My son's school was on spring break this week, so we did what any proper ski-town family is supposed to do for vacation and visited other ski towns. This might seem counterintuitive to people who live in, say, factory towns, as they would probably never consider vacationing in similar burgs, but the skiing addiction mandates that when it's time to take a break from skiing, you go ski somewhere else.
Our first stop was Breckenridge, which I last skied about 23 years ago. My recollections of the place were a little hazy, as I'd gone there as a college student and likely spent the weekend in an alcoholic fog, but I remembered it as a place with very little of interest for advanced skiers.
Happily, I was misguided in my assessment. Breck actually has an abundance of steep, open bowls, and it's only going to get better next year with the Peak 6 expansion, which will add another 500-plus acres of awesome-looking terrain.
We had good snow conditions and a couple of days of great skiing, but the real highlight came near the end of the second day, when I got to witness firsthand a scene that one normally only gets to see in an old Warren Miller movie.
My son and I were waiting to get on a four-person chairlift when the group in front of us hesitated. We politely indicated that they could proceed, but they shook their heads and pointed to the group in front of them, which was about to board.
That group, inexplicably, consisted of five people, most of whom looked like they had no idea what they were doing. Sure enough, when the chair came around the bullwheel, they panicked a little, and the chair crashed into them like a bowling ball, scattering them about like so many pins.
The lift attendants immediately stopped the lift, but they were too late to prevent the carnage. Four of the skiers lay sprawled across the snow in front of the chair, and one older gentleman was sort of trapped beneath it. He managed to crawl out with his skis still attached to his feet and pick himself up, whereupon the lift attendants directed him to the next chair, but the old guy was so mortified that he just shuffled away through a gap in the fence and disappeared without a word. I imagine he shuffled straight to the bar, which is what I would have done were I in his situation.
Our next stop, after seven hours in the car, was Telluride, which I'd last skied nine years ago in what can charitably be called the worst snow conditions I've ever experienced west of the Mississippi. Unlike Breckenridge, however, I remembered Telluride as a place with great terrain that was unfortunately so icy and awful that I hadn't bothered trying to ski it.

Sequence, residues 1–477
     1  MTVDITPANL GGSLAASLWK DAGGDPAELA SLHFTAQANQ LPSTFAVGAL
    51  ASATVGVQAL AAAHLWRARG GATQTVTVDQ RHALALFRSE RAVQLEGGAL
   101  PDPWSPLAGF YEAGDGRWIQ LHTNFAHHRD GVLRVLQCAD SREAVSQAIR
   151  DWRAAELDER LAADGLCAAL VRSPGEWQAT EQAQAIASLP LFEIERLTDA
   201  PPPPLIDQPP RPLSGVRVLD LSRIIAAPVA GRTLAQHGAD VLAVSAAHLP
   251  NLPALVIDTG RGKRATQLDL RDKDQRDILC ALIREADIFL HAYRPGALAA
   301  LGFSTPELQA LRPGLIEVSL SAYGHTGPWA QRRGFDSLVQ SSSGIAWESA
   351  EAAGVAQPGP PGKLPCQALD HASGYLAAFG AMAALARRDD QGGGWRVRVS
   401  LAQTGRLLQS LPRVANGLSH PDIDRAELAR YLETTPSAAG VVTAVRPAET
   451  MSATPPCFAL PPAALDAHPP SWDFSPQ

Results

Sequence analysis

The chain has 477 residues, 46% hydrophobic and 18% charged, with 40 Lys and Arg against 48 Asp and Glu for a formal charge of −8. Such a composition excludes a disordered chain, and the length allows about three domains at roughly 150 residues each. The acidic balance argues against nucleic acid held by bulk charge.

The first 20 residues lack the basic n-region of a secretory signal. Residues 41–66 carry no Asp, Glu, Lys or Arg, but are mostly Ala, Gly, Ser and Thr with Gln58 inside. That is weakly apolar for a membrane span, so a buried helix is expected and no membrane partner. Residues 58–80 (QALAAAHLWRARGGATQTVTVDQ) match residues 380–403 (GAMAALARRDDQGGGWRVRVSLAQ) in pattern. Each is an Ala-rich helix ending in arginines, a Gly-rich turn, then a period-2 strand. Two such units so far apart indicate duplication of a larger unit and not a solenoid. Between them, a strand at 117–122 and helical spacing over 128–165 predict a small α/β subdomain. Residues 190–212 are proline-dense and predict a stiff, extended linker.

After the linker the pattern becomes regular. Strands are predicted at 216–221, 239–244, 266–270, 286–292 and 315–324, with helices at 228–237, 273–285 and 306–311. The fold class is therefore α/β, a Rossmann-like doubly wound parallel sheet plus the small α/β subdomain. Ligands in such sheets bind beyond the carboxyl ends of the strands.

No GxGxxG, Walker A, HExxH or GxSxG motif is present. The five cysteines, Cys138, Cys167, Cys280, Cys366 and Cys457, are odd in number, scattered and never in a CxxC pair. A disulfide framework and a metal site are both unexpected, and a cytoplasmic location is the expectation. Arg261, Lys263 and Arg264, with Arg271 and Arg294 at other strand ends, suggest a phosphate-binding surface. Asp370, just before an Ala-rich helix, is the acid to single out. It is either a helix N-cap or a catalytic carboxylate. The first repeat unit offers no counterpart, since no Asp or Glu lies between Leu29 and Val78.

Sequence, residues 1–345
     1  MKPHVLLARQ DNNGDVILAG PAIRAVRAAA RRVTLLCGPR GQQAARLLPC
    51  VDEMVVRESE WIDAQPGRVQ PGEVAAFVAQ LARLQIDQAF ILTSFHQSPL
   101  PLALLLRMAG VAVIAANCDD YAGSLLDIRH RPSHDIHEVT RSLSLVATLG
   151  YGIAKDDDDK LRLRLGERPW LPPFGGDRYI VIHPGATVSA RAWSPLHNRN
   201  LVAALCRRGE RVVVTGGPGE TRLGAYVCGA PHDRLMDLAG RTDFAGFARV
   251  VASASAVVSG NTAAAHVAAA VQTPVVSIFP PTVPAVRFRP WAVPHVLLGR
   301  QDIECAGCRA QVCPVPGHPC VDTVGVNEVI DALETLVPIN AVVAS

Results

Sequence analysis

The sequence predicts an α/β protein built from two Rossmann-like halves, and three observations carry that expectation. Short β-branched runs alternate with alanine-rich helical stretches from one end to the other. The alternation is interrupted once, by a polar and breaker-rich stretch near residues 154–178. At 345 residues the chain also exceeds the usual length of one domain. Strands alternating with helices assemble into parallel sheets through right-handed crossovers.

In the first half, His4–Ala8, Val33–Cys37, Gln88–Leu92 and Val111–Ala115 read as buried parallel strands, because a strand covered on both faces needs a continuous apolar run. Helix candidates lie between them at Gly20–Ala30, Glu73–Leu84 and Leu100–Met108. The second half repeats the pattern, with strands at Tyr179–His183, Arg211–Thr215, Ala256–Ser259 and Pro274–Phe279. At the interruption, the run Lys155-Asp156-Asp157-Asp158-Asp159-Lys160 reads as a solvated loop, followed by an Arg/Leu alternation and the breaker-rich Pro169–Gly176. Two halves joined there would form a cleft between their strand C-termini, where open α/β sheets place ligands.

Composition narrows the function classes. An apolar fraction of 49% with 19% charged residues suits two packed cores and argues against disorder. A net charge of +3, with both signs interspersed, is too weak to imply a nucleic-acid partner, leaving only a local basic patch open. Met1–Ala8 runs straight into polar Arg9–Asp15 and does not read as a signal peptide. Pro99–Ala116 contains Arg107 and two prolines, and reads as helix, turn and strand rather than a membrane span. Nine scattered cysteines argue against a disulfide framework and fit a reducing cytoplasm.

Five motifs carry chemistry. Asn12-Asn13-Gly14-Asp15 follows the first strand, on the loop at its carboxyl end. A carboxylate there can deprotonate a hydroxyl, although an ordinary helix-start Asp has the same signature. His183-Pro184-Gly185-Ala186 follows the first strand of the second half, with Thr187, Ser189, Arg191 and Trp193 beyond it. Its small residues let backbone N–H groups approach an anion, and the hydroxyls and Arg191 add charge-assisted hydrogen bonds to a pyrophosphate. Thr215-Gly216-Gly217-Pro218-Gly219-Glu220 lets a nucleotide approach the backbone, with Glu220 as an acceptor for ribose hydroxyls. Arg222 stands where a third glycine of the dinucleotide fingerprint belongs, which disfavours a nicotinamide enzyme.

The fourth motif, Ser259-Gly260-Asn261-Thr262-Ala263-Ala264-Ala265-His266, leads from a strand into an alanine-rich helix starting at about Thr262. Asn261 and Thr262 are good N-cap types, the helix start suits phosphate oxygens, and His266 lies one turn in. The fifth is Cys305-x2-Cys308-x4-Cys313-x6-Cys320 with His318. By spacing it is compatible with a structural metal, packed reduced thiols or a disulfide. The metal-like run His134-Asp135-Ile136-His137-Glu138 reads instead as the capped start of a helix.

The conditions are considerably better this time around, and as soon as I finish writing this column I plan to go explore the terrain I shunned last time, but what really has impressed me about Telluride is the attitude of its residents.
First of all, of the dozens of dogs we've seen since arriving, the only ones on leashes have been ours. Apparently dogs are just free to roam down here. Secondly, nobody who lives here ever seems to be in a hurry to do anything, which is charming but a little maddening.
You've heard the phrase "island time," right? Well, island time's got nothing on "Telluride time." Basically, if you want to go out to eat here, give yourself a few hours because while you might be in a hurry, the restaurant you visit will not be.
A perfect example was the ice-cream bar my son and I went to. We both ordered sundaes, and about 20 minutes later, we actually got them. The problem, I think, was that I asked for butterscotch sauce, and the kid behind the counter couldn't tell which of his sauces was butterscotch and which was caramel. When I told him it didn't matter, it took him about five minutes to locate a spoon with which to ladle out the sauce. I got the distinct impression ours were the first sundaes he'd ever made.
Ultimately, though, we got our desserts, and they were delicious. The fact that we could have squeezed in an extra two runs while we were waiting doesn't really seem to matter that much. At least, it doesn't when you're moving on Telluride time.
Todd Hartley is pretty sure the sauce was caramel, and he's pissed about it. To read more or leave a comment, please visit zerobudget.net.